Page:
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'Common sensical' banker retires after 40 momentous years

New Hampshire Union Leader

November 12. 2017 2:13AM
Joe Reilly, New Hampshire president for Eastern Bank, speaks with the Sunday News on Wednesday. He is retiring at the end of the year. (DAVID LANE/UNION LEADER)

BEDFORD -- When Tom Boucher tried to buy out a few partners at T-Bones and Cactus Jack's restaurants a decade ago, only one of four banks - Joe Reilly's - offered him a multimillion dollar loan to help finance the deal.

"It made a huge difference," recalled Boucher, who since has gotten the bank to help finance his two Copper Door restaurants in Bedford and Salem.

Reilly, 61, currently serves as New Hampshire regional president of Eastern Bank, which is based in Boston.

Three years ago, Eastern Bank acquired Bedford, N.H.-based Centrix Bank & Trust, which Reilly had co-founded.

"At the heart of Centrix's success was that we were able to deal in the safe shades of gray," Reilly said in his corner office at Eastern.

"Many banks see things as very black and white," he said. "We were able to see things in that shade of gray that met the customer's needs while still being within the confines of good, safe and sound banking in terms of a regulatory perspective. And it's essentially a sweet spot that we were able to operate in."

Last week, Reilly announced that he will be retiring at year's end after nearly four decades in the state's banking industry.

Much has changed since Reilly started as a management trainee at Indian Head Bank in Nashua in 1978.

"As I look back over those 40 years, just Draconian changes ... starting with the mere consolidation," Reilly said. "When I started in the bank, there were 102 banks in the state in 1978."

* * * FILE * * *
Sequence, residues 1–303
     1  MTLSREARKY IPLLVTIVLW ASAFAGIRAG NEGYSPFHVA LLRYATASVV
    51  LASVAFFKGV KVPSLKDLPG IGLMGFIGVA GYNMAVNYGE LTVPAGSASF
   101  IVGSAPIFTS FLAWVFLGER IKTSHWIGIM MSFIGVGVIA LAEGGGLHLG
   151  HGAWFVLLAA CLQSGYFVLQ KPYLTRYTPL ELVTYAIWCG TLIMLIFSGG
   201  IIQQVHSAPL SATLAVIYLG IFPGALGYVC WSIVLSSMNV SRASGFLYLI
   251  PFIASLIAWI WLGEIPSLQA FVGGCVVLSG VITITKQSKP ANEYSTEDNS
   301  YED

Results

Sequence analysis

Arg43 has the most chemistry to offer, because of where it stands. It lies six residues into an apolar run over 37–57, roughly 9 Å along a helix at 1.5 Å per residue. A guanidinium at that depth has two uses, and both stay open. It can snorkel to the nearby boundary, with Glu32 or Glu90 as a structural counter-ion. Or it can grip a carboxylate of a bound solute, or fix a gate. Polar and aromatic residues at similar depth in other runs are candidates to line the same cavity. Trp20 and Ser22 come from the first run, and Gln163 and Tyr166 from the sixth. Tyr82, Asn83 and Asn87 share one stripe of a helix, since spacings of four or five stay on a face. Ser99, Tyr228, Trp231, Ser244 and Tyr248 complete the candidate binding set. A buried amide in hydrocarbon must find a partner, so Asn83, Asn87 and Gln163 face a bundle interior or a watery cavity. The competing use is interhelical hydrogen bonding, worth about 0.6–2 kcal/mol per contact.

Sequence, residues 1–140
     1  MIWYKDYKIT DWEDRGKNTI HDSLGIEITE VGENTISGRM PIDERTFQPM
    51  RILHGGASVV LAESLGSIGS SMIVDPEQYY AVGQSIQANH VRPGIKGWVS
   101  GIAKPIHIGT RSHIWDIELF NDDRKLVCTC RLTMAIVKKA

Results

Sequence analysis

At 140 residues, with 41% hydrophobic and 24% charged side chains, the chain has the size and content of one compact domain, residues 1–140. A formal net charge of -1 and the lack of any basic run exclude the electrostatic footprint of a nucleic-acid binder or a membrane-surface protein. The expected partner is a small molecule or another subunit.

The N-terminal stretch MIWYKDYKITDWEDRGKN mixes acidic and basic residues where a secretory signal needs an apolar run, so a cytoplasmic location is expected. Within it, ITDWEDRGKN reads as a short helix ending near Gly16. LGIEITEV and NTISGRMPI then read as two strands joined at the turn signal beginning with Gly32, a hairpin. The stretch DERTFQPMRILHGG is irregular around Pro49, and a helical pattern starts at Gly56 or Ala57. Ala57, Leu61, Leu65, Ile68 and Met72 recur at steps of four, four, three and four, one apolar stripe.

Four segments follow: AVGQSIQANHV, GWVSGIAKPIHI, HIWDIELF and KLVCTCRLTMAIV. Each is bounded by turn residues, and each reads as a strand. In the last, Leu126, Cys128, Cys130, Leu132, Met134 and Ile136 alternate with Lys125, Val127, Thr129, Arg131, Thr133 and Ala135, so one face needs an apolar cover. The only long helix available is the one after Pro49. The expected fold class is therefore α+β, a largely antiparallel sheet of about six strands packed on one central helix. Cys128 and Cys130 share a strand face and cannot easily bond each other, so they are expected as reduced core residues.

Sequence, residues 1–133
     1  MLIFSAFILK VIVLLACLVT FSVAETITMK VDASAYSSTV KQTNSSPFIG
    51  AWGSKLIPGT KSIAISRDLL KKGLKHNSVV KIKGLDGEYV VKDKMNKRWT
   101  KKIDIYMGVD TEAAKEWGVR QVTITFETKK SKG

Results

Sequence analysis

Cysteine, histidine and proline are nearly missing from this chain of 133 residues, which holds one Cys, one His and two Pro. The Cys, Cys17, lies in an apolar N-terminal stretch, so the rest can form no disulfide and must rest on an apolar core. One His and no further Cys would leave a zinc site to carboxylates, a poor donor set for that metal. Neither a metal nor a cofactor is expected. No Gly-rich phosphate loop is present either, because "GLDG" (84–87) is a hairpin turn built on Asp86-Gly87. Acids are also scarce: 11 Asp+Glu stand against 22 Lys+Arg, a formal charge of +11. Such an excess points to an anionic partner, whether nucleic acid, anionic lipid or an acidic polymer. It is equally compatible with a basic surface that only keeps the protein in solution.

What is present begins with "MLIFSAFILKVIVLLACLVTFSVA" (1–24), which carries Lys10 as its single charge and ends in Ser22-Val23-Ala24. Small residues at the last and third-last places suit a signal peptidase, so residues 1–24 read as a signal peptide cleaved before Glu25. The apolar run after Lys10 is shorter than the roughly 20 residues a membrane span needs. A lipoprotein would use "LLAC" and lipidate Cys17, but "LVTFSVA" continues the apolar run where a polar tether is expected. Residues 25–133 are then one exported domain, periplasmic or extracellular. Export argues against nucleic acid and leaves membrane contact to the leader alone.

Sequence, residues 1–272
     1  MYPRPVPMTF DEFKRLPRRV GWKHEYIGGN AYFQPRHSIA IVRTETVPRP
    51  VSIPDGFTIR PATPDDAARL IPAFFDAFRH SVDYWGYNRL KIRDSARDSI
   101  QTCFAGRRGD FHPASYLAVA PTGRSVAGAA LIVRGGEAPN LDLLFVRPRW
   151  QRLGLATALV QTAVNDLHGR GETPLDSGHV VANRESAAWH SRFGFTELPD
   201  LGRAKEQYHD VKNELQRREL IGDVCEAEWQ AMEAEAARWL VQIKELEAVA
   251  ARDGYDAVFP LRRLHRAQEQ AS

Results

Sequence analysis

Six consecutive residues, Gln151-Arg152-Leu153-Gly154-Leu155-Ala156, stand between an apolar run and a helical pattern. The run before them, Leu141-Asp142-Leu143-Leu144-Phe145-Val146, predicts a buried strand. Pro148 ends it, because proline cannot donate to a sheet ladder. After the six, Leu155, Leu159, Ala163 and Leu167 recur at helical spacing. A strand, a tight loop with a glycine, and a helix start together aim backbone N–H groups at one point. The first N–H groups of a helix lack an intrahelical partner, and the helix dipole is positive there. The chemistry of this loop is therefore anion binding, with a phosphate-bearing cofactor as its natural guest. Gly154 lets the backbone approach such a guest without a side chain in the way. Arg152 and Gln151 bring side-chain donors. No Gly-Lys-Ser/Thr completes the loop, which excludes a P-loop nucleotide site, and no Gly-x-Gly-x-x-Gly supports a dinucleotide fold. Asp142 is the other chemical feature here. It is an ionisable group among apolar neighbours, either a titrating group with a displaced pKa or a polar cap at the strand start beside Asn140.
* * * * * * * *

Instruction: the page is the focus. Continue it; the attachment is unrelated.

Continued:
Today, that number is less than 40, and they "are increasingly banks that have come in from Massachusetts, Maine and Vermont who have tried to create a foothold here in New Hampshire," Reilly said.

Bank branch traffic has been cut in half over the last decade as customers today have phone and internet access to their money, according to Reilly.

Even before his career started, Reilly spent summers and school vacations as a teller at First National Bank of Peterborough. Later, he did the 18-month management training program at Indian Head, diving into every department for at least a month. After spending a dozen years there, Reilly went to work for Centerpoint Bank, learning lessons he incorporated into co-founding Centrix in 1998.

"We took the things that worked very well at Centerpoint and replicated them," he said. "We took the things that didn't work so well and decided not to do them."

That meant Centrix provided a full range of services to the small-business market, but didn't offer car loans or credit cards, he said.

In 2014, Eastern Bank announced it would acquire Centrix in a $134-million all-cash deal.

In a memo to employees last week, Eastern Bank CEO Robert Rivers reflected on Reilly's retirement.

"It was Joe that negotiated the deal with Eastern and in many ways he was the most attractive 'asset' we acquired," Rivers wrote.

Reilly, who lives in Ipswich, Mass., said with the transition complete, he is looking forward to some downtime before he searches for a part-time venture in New Hampshire.

Reilly has been involved in many organizations. He's been chairman of the board at Catholic Medical Center and chairman of the Greater Manchester Chamber of Commerce.

"He's just a really upstanding guy that people respect, not only for his business and banking sense, but he's just a genuinely down-to-earth, great, great guy," Boucher said.

Christiana Thornton, president and chief executive officer at the New Hampshire Bankers Association, recalled that staffers at the bankers association - where Reilly once served as chairman - gave Reilly a hard time about commercials that Centrix ran on television.

"We always joked about him being on television, and he had a very prominent presence," she said.

Reilly said he will most miss the people he met from various businesses and industries.

"We believe in people; I'm a very intuitive person," he said. "I've been very successful in my career by virtue of just kind of trusting my gut, being common sensical and intuitive and not always following what the numbers indicate."

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